Hugh Hattabaugh, chief operating officer for the Charlotte-Mecklenburg (North Carolina) school district, has been named interim leader of the district, replacing former Superintendent Peter Gorman, who resigned. The Sweetwater Union High School District in Chula Vista, California, has approved a separation agreement with Superintendent Jesus Gandara following the revealing of information by a San Diego newspaper regarding his alleged use of a district credit card. Jeff Carr, top advisor to Los Angeles Mayor Antonio Villaraigosa, has announced he is resigning from that post and will leave later this summer, one of several departures from the mayor's office in his second term. Tony Kinn, former assistant vice president and director of corporate relations for the University of Virginia Engineering foundation, has been appointed director of the new Office of Transportation Public-Private Partnerships at the Virginia Department of Transportation. Western Connecticut State University President James W. Schmotter has announced that Dr. Jane McBride Gates, dean of the College of Liberal Arts and Sciences at Savannah State University in Georgia since 2002, will be WCSU's next provost and academic vice president. Matthew Watkins, who has served the last 12 years as city manager for South Brunswick, New Jersey, has been chosen city manager for the city of Clifton, replacing

Irene Kovala
Kovala 
Raymond Kiernan
Kiernan
Carol Eaton
Eaton 

retiring city manager Al Greco, with City Engineer Dominick Villano serving as interim until Watkins arrives on Aug. 8. Irene H. Kovala, vice president of Academic and Student Affairs at Minneapolis Community and Technical College, has been picked to be the next president of Glendale Community College in Arizona, effective Aug. 8. A legend in New Rochelle, New York, Raymond "Doc" Kiernan, is giving up his fire chief gear after 45 years of service, having begun his career in 1996 and having served as chief since 1983. Dr. Carol Eaton, who for the last six years has been president of Frederick Community College in Frederick, Maryland, will in August take over as president of Daytona (Florida) State University, replacing Kent Sharples, who resigned last year. Lisa Aprati, a former Chicago Heights, Illinois, Fifth Ward alderman from 1999 until last April, has been selected to serve as the city's chief of staff, replacing Matt Fares, who is now the police department's executive administrator. Former Colorado Springs Police Chief Luis Velez, a 31-year veteran of the police force, has been announced as the interim Chief of Police for the Pueblo, Colorado, police department, following the retirement of Chief James W. Billings, Jr. Jacksonville, Florida, Mayor Alvin Brown has announced filling of two major positions in his administration, with private sector career financial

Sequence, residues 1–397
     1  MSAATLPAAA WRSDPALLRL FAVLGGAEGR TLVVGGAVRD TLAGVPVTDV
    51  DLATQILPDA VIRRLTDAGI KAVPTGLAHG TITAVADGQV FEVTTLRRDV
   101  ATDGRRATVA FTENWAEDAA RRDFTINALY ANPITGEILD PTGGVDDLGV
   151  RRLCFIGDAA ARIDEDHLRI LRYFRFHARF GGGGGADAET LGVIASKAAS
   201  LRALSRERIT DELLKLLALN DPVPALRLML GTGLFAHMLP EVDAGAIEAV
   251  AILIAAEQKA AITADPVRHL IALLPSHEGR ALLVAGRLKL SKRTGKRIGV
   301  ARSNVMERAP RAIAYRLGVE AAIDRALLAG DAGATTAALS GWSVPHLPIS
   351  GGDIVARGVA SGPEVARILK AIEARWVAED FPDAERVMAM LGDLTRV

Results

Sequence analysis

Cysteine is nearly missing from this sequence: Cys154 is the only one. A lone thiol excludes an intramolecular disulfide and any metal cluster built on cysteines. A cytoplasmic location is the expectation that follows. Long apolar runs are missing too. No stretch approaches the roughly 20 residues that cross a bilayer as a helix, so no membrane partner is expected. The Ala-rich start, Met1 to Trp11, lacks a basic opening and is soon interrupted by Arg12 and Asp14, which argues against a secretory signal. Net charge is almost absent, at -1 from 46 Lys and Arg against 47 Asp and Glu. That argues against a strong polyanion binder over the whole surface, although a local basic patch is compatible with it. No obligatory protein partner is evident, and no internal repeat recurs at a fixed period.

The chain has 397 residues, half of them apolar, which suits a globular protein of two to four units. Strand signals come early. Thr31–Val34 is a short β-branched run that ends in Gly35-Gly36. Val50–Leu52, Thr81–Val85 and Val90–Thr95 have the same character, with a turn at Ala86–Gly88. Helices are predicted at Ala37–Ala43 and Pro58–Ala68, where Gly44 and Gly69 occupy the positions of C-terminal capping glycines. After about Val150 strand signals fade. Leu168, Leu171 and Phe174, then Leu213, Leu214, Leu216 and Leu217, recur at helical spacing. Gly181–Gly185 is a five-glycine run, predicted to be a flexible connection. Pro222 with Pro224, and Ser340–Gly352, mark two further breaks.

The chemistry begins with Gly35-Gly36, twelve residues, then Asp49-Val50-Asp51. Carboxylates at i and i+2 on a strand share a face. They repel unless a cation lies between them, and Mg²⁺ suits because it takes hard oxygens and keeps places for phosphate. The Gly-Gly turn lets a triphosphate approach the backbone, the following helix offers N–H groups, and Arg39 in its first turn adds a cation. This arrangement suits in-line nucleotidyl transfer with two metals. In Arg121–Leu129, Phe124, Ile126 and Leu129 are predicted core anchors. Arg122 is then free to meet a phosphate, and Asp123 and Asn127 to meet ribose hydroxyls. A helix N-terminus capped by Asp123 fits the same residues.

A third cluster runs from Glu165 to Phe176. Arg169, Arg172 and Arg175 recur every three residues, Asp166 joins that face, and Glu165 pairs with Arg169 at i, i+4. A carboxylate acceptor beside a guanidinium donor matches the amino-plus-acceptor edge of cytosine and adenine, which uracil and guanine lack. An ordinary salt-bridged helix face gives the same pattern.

Robert Specter
Specter 
Carlos Ramos
Ramos
Gary Hampton
Hampton

consultant Ronnie Belton named chief financial officer and attorney Chris Hand as chief of staff. Robert M. Specter, a 25-year veteran of higher education leadership and University of Delaware vice president for finance, has been chosen vice president for administrative affairs for the University of Maryland, effective Sept. 1. California Gov. Jerry Brown has chosen Carlos Ramos, who directed the newly created Office of System Integration from 2006 to 2008 and has 25 years public sector experience, as the state's top technology executive. Former Tracy, California, police captain Gary Hampton, who served as chief of the Turlock Police Department for the last five years, is returning to Tracey to become the police department's chief. After serving for 12 years as City of Miami Auditor, Victor Igwe was let go by city officials recently after his four-year contract that was signed in 2007 ran out on April 28. Alabama State Rep. Greg Canfield has been named by Gov. Robert Bentley as the new director of the Alabama Development Office, replacing Seth Hammett, and will resign his House seat and take over his new post by Aug. 1. Shailen Bhatt, former associate administrator for the Federal Highway Administration, was recently sworn in as the new Delaware Department of Transportation, after being nominated by the governor and approved by the State Senate.

 

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Does your organization or agency have an upcoming event that would be of interest to either vendors who do business with government or officials and workers in state and local government, higher education, public education or health care? Are you planning a webinar? A conference or seminar? The State & Local Government Pipeline invites government and nonprofits to send information regarding your events for consideration to be included in our FREE Calendar of Events section below. In addition to providing contact information, the day, date, time and a synopsis of the event, you may also include a link to additional information on your Web page and/or a link to online registration that we'll include. Please submit your event information to editor@spartnerships.com.